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Training to safety rules use. Some reflections on a case study

Abstract : This article proposes to consider training in occupational risk prevention as situated at the crossroads between regulated safety (based on prescribed safety rules and procedures)-and managed safety (based on operators' knowledge and experience). A case study in the field of ready-mixed concrete delivery to worksites is presented. It demonstrates the redefinitions of a safety rule within companies, giving it little operational value for operators, and the resources that they have built with experience. These resources are also shown to be limited. Indeed, not everything can be learned through in situ experience and peer mediation. Thus, the " professional knowledge of reference " needs to be identified in order to design training content that combines the "regulated safety" and "managed safety" that are necessary to produce safe working conditions. This approach to training design, based on the analysis of activity in situ, represents a shift away from the technical-regulatory and behavioral approach that still dominates the field of training in occupational risk prevention.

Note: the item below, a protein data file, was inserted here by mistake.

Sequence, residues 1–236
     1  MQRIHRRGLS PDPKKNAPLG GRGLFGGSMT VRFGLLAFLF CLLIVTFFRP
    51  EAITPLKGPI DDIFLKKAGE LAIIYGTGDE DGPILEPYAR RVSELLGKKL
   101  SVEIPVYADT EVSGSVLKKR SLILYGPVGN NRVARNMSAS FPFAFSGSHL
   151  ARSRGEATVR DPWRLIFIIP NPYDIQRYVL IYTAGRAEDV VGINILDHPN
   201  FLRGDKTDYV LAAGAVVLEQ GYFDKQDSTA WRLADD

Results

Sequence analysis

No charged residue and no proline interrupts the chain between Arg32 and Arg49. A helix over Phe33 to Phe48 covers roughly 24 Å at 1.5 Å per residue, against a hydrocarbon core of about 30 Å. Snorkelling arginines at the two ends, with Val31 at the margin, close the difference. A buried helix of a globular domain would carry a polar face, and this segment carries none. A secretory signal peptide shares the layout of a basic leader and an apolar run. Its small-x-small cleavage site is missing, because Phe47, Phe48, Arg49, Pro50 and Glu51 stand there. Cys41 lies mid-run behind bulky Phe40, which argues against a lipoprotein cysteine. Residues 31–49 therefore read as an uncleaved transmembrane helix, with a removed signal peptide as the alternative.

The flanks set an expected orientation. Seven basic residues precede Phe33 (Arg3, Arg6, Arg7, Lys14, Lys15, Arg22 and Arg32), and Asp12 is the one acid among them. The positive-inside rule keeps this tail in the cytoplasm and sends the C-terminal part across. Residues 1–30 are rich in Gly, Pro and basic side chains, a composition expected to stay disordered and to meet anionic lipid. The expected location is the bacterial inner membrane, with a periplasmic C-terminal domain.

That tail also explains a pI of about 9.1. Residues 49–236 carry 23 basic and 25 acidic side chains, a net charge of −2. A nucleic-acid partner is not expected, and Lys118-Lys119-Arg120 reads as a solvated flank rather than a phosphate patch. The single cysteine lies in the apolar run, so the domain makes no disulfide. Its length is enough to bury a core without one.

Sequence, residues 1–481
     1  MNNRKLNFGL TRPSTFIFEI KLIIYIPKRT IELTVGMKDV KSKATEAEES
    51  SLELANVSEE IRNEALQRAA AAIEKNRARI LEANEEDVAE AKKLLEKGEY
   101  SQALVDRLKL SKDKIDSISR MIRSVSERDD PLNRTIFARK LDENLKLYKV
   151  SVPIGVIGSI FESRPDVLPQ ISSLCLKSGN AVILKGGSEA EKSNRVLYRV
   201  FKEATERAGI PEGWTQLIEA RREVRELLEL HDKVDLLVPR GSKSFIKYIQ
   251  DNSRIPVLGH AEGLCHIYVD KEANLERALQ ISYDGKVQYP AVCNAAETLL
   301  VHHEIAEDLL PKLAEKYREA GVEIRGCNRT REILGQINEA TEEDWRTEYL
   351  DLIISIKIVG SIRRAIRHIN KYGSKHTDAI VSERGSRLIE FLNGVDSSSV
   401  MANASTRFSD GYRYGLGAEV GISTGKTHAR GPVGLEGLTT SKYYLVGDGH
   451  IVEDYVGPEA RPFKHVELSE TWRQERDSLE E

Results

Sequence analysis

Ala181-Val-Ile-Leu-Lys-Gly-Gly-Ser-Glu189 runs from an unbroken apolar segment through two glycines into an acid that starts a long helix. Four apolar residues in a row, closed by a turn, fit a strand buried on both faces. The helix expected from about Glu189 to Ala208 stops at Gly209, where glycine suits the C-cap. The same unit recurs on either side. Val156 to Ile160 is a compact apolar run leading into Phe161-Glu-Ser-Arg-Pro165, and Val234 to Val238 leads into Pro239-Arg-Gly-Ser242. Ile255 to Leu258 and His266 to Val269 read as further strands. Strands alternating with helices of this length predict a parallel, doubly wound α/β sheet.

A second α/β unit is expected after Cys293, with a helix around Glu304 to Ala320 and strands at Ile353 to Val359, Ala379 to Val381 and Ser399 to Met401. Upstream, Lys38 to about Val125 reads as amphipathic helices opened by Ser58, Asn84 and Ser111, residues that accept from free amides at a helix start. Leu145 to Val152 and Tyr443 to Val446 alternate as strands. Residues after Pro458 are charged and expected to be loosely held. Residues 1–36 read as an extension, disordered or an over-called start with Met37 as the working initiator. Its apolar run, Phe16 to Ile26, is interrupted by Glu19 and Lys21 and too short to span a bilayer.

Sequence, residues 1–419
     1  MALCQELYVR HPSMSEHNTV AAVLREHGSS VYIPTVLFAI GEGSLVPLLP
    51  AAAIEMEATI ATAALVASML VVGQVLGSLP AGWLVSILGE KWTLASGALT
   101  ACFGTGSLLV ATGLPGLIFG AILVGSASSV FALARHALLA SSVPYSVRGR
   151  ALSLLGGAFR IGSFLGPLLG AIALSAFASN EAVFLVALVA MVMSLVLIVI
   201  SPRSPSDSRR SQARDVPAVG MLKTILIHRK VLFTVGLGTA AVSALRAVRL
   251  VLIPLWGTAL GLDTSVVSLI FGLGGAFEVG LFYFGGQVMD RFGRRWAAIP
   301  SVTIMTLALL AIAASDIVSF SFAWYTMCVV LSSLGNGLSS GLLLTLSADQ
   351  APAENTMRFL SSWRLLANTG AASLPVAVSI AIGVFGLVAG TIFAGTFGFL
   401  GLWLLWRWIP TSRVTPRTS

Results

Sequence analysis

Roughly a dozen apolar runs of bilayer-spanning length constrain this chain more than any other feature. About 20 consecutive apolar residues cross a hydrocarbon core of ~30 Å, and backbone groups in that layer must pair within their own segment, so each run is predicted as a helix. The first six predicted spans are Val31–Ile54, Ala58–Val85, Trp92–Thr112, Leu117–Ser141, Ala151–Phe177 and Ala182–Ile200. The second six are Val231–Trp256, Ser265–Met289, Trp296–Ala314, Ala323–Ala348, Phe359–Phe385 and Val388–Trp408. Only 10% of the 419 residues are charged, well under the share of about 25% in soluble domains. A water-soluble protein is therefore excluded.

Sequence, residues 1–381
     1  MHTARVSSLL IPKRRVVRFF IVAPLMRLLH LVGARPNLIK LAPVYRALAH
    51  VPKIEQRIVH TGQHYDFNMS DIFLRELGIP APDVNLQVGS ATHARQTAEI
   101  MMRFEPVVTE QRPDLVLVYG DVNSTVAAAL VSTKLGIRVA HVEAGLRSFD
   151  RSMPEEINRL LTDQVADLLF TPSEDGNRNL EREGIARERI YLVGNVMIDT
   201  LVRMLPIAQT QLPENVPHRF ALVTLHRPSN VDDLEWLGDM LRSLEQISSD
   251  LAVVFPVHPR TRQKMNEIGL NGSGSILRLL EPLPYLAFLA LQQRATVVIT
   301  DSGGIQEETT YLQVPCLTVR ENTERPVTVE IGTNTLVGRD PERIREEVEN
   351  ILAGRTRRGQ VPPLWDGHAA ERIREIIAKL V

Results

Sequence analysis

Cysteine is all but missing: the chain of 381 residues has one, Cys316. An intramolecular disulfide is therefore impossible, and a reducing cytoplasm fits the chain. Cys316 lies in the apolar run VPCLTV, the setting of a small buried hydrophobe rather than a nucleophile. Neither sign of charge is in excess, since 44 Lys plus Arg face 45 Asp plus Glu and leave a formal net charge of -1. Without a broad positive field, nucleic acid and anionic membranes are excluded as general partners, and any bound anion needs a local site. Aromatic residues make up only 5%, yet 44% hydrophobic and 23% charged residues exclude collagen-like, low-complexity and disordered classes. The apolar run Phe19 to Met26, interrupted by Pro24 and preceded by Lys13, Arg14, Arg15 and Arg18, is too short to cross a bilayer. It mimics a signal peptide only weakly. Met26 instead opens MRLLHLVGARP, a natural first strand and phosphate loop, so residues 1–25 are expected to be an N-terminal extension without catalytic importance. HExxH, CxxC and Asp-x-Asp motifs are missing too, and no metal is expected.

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Contributor : Christine Vidal-Gomel <>
Submitted on : Friday, September 1, 2017 - 5:50:14 PM
Last modification on : Friday, June 14, 2019 - 1:19:35 AM
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Christine Vidal-Gomel. Training to safety rules use. Some reflections on a case study. Safety Science, Elsevier, 2017, 97, pp.134-142. ⟨10.1016/j.ssci.2016.12.001⟩. ⟨halshs-01580606⟩



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